Saab History

Formula Junior Racer – New Saab Experimental Car

Saab formula junior no-3

The title may deceive you, it is not about the new Saab experimental car, but about a lesser known part of the history of Saab cars. This is actually the title of Saab’s October 1960 press release, exactly 60 years ago, when Saab decided to build a Formula Junior car based on a production model, all for the purpose of gaining experience in sports driving and car behavior in extreme conditions.

In the autumn of 1960 SAAB presented a Formula Junior car of their own design for the further development of Saab cars. And as we could see in the future, many experiences gathered from the development of this experimental car contributed to the development of the then new models. The car was designed by Rolf Mellde, who was one of the original pioneer designers of the SAAB motorcar.

According to project participants, That Saab powered formula car reportedly did not handle well. Whatever, now all of these formula cars are at Swedish Saab Car Museum, and according to one of Erik Carlsson‘s interlocutors, Saab Formula Juniors were very fast really fast but difficult to drive. But, for first attempt of building a Formula car they where great.

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You can read more about the competitions in which this experimental car participated here, and below you can read the read document – the press edition of Saab from October 1960.

Chief engineer Rolf Melde at the wheel of Saab Formula Junior
Chief engineer Rolf Melde at the wheel of Saab Formula Junior ( Photo compliments of Demi Valtanis & W Todd Tribell)

Saab Formula Junior Racer

October 1960

Saab are currently testing a new experimental car, a front-drive Formula Junior racing car with an 850 cc engine and an all-up weight of about 380 kg .

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In accordance with the international rules for the class, the Saab “F. J .” is an open single – seater with all principal chassis elements coming from a single production type car model. In view of the light weight and special nature of the car, some departures from standard are naturally required in the suspension, the petrol tank and some of the oontrols, but apart from this the chassis consists solely of standard Saab components, such as the engine (where tuning is permissible), transmission, rear axle, brakes and fuel system.

The body, on the other hand , is very much non-standard. One feature of special interest is that there is no separate load-bearing structure such as a tubular framework. The entire car is held together by a strong but light stressed skin structure made of sheet steel. This unit is fully two metres long yet weighs no more than 44 kg!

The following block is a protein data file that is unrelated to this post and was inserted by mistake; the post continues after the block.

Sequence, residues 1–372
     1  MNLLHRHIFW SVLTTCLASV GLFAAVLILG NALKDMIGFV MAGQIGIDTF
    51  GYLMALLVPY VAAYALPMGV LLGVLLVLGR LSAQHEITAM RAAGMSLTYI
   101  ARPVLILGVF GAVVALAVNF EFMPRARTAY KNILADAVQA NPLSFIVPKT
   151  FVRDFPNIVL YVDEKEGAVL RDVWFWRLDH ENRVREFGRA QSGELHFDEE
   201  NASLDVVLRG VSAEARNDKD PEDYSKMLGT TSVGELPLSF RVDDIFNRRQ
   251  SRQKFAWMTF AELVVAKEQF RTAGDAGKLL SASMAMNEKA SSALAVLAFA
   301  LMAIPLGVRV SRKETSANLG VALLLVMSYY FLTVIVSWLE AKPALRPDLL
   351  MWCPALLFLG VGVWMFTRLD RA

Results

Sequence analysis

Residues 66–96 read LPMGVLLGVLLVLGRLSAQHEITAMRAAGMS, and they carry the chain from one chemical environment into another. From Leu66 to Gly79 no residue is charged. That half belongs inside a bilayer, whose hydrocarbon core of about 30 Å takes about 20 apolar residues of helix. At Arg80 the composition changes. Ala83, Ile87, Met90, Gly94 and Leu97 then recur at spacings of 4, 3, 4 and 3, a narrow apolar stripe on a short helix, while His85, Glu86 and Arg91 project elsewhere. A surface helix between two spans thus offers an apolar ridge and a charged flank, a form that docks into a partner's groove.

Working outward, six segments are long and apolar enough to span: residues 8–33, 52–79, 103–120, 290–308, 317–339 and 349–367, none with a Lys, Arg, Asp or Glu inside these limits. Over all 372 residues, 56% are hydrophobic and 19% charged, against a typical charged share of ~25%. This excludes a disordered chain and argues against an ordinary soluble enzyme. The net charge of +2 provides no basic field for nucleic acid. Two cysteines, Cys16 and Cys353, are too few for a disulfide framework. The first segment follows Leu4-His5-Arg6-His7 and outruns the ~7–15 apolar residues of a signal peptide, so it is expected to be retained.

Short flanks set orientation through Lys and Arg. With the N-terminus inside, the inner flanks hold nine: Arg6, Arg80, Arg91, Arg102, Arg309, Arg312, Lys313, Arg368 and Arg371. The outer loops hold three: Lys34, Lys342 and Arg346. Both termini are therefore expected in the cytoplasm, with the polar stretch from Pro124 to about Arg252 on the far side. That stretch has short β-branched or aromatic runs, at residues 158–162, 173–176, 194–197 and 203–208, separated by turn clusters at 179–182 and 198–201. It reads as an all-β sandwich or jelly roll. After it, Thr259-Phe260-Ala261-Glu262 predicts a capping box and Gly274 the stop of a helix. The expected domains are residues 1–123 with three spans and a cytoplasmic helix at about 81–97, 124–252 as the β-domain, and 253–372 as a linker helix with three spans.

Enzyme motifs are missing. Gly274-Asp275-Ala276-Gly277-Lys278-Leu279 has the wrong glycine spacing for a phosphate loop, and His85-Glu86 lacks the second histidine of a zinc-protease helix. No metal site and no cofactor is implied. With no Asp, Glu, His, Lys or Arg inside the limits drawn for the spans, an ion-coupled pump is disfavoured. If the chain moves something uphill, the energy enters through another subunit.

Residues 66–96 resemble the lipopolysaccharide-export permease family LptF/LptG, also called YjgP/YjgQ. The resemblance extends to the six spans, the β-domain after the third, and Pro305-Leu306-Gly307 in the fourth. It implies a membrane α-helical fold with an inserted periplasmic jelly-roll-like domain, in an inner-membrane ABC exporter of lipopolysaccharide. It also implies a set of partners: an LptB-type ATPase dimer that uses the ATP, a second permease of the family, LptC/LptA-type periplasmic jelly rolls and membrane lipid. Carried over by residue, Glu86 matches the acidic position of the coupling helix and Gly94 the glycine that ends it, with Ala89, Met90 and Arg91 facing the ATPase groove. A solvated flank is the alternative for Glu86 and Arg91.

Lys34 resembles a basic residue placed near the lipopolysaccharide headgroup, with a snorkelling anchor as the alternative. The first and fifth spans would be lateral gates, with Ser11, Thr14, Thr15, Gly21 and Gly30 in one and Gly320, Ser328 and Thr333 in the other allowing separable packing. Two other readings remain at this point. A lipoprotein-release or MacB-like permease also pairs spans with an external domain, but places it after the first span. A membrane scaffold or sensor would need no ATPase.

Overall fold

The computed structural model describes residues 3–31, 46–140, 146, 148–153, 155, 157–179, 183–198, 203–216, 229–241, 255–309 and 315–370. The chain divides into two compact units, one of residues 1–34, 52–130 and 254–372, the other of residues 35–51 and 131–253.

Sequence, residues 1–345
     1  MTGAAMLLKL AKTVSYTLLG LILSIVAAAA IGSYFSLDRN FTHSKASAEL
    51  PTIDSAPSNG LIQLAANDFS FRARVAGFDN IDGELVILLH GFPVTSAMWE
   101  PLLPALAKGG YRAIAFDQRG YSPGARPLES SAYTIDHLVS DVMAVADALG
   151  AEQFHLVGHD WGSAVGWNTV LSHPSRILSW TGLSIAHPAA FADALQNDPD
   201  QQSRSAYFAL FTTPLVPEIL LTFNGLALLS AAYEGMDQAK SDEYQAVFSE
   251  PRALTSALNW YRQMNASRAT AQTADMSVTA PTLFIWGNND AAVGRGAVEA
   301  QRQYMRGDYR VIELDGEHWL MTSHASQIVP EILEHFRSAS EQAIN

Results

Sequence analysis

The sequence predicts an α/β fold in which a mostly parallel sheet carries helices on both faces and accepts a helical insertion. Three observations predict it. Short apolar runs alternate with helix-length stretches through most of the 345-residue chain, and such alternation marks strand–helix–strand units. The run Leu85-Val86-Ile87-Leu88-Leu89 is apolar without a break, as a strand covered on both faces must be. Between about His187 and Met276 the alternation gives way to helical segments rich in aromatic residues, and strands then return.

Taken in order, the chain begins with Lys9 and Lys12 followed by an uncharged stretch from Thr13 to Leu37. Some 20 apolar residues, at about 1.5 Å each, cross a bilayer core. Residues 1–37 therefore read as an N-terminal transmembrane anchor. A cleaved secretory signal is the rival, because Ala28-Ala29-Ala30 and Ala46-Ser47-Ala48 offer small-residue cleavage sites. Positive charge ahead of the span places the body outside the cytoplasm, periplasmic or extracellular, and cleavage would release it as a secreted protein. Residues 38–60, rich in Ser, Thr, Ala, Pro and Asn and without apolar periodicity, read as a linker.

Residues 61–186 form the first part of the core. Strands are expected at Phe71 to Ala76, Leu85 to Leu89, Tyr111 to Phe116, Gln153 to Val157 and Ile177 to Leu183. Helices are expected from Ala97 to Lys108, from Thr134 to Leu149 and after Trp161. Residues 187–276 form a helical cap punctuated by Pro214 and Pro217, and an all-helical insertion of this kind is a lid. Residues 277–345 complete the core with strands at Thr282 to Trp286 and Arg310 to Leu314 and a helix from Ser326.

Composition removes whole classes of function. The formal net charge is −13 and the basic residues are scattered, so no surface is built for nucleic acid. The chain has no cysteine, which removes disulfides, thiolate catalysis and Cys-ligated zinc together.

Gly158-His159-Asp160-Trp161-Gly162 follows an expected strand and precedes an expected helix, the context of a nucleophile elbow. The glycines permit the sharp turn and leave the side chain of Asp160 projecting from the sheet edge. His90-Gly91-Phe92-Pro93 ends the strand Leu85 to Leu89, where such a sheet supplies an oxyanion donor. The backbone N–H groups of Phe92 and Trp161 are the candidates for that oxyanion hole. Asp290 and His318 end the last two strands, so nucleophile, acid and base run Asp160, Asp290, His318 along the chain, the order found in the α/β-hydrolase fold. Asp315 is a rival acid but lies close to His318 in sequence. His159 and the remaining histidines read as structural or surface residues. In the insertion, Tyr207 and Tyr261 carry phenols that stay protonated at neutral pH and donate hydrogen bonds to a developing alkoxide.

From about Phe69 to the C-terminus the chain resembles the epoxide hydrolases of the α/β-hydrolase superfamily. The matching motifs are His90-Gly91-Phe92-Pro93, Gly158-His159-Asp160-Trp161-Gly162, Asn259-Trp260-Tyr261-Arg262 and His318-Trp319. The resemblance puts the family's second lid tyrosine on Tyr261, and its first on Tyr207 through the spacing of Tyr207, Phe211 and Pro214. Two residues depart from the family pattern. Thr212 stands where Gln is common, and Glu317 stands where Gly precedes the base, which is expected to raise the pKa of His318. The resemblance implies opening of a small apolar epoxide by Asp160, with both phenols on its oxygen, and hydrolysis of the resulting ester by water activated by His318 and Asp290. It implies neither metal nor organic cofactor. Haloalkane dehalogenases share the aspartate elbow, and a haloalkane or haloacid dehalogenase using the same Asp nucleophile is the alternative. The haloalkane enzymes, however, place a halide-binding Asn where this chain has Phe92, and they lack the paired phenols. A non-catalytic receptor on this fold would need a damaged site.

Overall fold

The engine is placed inside the low fibreglass shell that forms the nose of the car, and the petrol tank is hidden by the fibreglass tail section. The 3-cylirlder 841 cc Saab engine has been fitted with twin carburators and tuned to develop almost 70 b.h.p.

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The front of the car has been kept very low by mounting the engine on its side. In order to achieve a low centre of gravety, the gearbox has been turned so that the gear-shift mechanism is at the bottom. Instead its normal position behind the engine and over the front axle, the radiator is located in the extreme front of the car. No fan is fitted but there is a coolant circulations pump. The 12 volt electrical system includes a self-starter.

The car now being tested is finished in bright red. A second, similar car will be completed in a week or two. No deoision has yet been taken as to whether further cars will be built.

Although it is only two years since the Formula Junior class came into being and opened up a new, interesting field to motor sport enthusiasts all over the world, widespread activity has already started in many oountries. The aim with Saab’s new experimental cars is primarily to gain experience. Some months must elapse before any decision can be made regarding participation in Formula Junior racing events.

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Goran Aničić
the authorGoran Aničić
For over 10 years, Goran Aničić has been passionately focused on Saab automobiles and everything related to them. His initial encounter with Saab cars took place back in 2003 when the first Saab 9-3 and sedan version were introduced. At that moment, he was captivated by the car's Scandinavian design logic and top-notch engineering, and everything that followed stemmed from that first encounter. Later on, through his work at the editorial team of the Serbian automotive magazines "Autostart" and later "AutoBild," he had the opportunity to engage more closely with Saab vehicles. In 2008, he tested the latest Saab cars of that time, such as the Saab 9-3 TTiD Aero and Saab 9-3 Turbo X. In 2010, as the sole blogger from the region, he participated in the Saab 9-5ng presentation in Trollhättan, Sweden. Alongside journalists from around the world, he got a firsthand experience of the pinnacle of technological offerings from Saab at that time. Currently, Goran owns two Saabs: a 2008 Saab 9-3 Vector Sportcombi with a manual transmission, and a Saab 9-3 Aero Griffin Sport Sedan from the last generation, which rolled off the production line in Trollhättan in December 2011.


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